Apple's AirPods fail to earn Consumer Reports recommendation, beaten by Samsung's Galaxy Buds

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In its latest head-to-head headphone review, Consumer Reports pitted Apple's AirPods against Samsung's Galaxy Buds to find the cheaper Samsung model sounds better, lasts longer and is an all-around top performer.

The comparison, published on Tuesday, reached many of the same conclusions as AppleInsider's Galaxy Buds review from March, albeit applied to the — slightly — tweaked second-generation AirPods.

In short, Samsung's entry into the "smart earbud" category beats Apple's wireless headphones in the sound department, battery life, control options and, for Samsung smartphone owners, ease-of-use. Galaxy Buds also apes niceties pioneered by Apple, including an open-to-pair case mechanism compatible with certain Galaxy phone models.

Just as AirPods revert to limited functionality when paired to an Android device, Samsung's buds don't play nice with iPhone. That said, Consumer Reports believes the Samsung model is more functional on iOS than AirPods are when paired to an Android device.

Curiously, the report goes one step beyond crowning Samsung a victory, and denies AirPods a coveted "recommended" rating. According to Consumer Reports' Thomas Germain, Apple's product "didn't score well enough" in the publication's tests to warrant a recommendation, despite plaudits for iOS integration and a streamlined user experience.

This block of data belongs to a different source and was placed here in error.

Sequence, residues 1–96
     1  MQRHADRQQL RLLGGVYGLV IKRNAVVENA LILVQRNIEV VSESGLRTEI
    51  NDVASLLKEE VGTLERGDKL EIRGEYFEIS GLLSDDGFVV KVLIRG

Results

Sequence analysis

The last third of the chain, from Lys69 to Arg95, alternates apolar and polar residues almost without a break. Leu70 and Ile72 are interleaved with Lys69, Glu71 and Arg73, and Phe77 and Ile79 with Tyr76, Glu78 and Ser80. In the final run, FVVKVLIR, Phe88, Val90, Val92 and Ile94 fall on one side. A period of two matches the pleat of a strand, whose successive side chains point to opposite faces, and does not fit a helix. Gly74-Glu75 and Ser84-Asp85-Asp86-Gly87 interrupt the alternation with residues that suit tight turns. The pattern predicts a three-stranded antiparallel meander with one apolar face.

Consumer Reports does note AirPods turned in a "decent" performance reproducing music and movies, and will "sound perfectly acceptable" to some users. AirPods' phone call audio and carrying case were also given the thumbs-up.

"The AirPods don't sound terrible — far from it. But when you listen back-to-back with the Samsung Galaxy Buds, the difference is undeniable. You don't have to be an audio snob to hear it," Germain writes.

Consumer Reports has a somewhat controversial history when it comes to grading Apple's latest releases, with some alleging the publication trades on the tech giant's name to drive readership. In 2016, for example, the reviewers failed to recommend MacBook Pro for the first time, a decision later reversed after discussions with Apple and a software update. A quick dismissal of HomePod in 2018 again stoked claims of bias.

Following the HomePod kerfuffle, AppleInsider was granted an inside look at the publication's facilities and testing methodologies. At the time, Consumer Reports reviewers and editors denied undue prejudice against Apple, saying their results are objective and based entirely on analytical and data-driven methodology.